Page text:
Type of scar and its development
The scar left by FUT at the back of a patient's head is very narrow, in most cases just 1 - 2 mm wide. The length differs. It is always a linear scar, and more or less visible. Its visibility is not just dependent on the hair surgeon's skill and experience and the technique he uses, but also on such individual factors as the patient's age, the type of skin, skin characteristics, skin tension and the healing process. How the scar develops is not foreseeable, even when past wounds have healed nicely. Also needing to be taken into account is the fact that a linear scar can change through the healing process and the tension of the scalp (the so-called stretch-back effect). This can occur directly after the transplantation or in the course of the six following months. The wound is sutured or stapled, meaning that there are stitches or staples needing to be removed. Dependent on the size of the FUT scar, hair can often not be worn shorter than 10 - 15 mm without the scar being seen.
The operation, healing process and possible post-operation complications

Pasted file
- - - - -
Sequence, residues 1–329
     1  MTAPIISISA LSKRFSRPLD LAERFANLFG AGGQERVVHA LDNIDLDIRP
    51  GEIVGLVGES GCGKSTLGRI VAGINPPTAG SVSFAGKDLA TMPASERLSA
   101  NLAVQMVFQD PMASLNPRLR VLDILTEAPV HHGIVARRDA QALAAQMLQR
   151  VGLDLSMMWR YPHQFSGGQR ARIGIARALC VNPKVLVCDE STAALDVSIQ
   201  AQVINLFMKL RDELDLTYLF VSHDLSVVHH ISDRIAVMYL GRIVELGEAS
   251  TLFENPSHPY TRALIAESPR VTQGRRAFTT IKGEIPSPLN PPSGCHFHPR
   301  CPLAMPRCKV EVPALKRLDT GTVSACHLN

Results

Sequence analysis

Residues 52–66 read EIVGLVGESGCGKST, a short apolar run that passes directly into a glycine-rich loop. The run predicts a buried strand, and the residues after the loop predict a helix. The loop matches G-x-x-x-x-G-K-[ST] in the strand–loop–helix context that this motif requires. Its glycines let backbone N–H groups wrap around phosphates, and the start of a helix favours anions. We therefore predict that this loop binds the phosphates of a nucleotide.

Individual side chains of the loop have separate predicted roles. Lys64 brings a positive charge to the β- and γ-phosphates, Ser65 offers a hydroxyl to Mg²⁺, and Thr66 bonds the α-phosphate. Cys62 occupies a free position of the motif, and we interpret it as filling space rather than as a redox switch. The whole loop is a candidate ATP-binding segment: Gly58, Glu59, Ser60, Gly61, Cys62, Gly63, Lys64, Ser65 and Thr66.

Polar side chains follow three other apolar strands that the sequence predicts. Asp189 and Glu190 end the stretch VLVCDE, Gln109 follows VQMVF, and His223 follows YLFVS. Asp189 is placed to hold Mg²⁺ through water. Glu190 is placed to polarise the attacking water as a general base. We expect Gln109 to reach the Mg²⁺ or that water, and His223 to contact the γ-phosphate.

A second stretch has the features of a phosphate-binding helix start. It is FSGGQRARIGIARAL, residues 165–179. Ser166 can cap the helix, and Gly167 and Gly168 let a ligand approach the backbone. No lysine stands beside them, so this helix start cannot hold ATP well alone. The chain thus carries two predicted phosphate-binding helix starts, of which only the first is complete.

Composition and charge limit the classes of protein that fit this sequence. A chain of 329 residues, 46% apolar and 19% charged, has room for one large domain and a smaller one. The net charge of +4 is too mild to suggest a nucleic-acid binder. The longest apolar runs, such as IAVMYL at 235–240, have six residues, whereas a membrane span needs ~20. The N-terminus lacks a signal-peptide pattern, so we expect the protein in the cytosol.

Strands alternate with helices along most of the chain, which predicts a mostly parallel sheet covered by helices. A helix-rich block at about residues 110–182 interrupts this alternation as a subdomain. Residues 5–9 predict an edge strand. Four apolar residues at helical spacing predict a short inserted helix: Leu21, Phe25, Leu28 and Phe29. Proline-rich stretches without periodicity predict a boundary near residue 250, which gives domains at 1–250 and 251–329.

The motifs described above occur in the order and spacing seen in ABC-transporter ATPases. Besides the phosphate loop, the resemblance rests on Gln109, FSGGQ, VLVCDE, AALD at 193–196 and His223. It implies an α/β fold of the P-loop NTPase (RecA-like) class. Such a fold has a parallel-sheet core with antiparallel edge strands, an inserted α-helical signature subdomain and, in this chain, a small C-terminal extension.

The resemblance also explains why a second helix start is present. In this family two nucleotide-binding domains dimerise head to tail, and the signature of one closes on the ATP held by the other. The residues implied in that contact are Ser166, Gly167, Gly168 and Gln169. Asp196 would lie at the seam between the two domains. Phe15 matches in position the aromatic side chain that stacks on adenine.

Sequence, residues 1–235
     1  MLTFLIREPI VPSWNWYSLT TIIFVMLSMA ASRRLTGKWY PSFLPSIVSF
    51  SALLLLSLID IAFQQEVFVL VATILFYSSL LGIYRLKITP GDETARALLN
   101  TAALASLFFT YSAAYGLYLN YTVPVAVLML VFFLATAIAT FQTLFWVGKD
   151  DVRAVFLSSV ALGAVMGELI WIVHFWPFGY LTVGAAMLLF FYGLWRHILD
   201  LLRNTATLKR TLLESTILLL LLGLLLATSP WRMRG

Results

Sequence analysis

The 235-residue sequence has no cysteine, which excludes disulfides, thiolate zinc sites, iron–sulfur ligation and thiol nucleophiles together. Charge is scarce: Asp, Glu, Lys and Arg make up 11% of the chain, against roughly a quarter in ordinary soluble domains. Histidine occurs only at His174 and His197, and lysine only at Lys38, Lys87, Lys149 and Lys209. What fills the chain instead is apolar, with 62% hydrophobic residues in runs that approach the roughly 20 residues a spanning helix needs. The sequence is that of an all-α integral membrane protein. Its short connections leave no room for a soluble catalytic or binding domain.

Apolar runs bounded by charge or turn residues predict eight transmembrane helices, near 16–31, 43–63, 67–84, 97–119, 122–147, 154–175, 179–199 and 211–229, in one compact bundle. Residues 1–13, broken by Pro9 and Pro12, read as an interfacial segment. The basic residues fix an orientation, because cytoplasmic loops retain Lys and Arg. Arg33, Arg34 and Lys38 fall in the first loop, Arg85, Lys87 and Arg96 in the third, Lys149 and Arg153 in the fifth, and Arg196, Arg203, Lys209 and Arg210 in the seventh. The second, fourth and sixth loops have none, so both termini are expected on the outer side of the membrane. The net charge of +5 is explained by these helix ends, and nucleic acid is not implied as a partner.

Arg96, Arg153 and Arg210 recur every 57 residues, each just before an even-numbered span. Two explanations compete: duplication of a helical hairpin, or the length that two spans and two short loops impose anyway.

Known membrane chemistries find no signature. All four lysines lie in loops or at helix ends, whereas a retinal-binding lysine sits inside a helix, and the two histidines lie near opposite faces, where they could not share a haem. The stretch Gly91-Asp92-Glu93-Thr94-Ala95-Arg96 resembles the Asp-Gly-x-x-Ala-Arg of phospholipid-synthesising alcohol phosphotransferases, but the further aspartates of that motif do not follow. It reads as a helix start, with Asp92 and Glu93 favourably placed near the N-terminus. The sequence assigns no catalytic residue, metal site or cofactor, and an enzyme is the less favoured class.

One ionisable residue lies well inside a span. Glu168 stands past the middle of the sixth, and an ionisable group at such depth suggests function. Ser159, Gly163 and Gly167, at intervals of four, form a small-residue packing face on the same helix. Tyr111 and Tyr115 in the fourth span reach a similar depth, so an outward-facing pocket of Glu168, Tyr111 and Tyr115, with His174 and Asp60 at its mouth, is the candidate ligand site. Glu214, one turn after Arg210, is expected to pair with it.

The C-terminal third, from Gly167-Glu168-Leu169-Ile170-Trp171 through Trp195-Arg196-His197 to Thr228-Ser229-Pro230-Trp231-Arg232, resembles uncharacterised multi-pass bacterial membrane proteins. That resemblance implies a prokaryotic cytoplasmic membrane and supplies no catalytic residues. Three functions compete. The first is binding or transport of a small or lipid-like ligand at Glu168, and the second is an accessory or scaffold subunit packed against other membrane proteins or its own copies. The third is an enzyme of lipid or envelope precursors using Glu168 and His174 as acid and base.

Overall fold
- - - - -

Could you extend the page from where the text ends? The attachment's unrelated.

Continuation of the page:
Ideally, the donor area should be shaved before the operation, in particular when a high density-FUT or mega-session is involved. Exceptions can be made and should be personally discussed with Dr. Feriduni. Where only small transplants are involved, in certain cases no shaving is needed at all. Though very seldom, complications can occur during or after the transplantation, as is the case with any operation. These include scar pain and wound infections. In the donor area a feeling of numbness can occur, or tension can be felt. Moreover the healing process can last quite a long time (up to 2 weeks) due to the size of the incision. After transplantation patients should desist from active sport (bodybuilding, martial sports) for a period of about 6 weeks. Light sport activity such as jogging, swimming, cycling can be started after about 2 weeks, though care needs to be taken. When extracting the donor hairs, hair follicles situated in the immediate vicinity of the cut may be damaged or injured. With the wound being sutured or stapled, this is another possible cause of damage to hair follicles. After the operation, swelling can take place. In some cases transplanted FUs may fall out.